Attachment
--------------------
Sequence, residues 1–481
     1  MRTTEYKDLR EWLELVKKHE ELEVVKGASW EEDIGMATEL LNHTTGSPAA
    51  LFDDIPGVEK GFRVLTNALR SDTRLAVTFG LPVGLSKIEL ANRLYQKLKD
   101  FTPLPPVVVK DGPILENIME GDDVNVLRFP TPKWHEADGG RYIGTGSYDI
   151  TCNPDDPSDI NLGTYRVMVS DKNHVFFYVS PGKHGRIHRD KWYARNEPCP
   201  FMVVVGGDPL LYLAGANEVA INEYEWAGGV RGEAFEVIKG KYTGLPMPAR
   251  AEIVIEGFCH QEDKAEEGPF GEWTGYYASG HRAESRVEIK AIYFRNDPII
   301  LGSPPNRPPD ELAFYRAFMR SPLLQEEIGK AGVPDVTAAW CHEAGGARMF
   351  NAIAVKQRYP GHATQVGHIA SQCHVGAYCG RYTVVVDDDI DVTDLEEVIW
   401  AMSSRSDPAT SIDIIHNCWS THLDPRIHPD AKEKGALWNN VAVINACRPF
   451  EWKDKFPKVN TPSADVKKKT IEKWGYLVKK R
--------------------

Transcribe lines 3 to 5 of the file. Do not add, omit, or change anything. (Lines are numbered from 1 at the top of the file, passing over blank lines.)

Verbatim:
    51  LFDDIPGVEK GFRVLTNALR SDTRLAVTFG LPVGLSKIEL ANRLYQKLKD
   101  FTPLPPVVVK DGPILENIME GDDVNVLRFP TPKWHEADGG RYIGTGSYDI
   151  TCNPDDPSDI NLGTYRVMVS DKNHVFFYVS PGKHGRIHRD KWYARNEPCP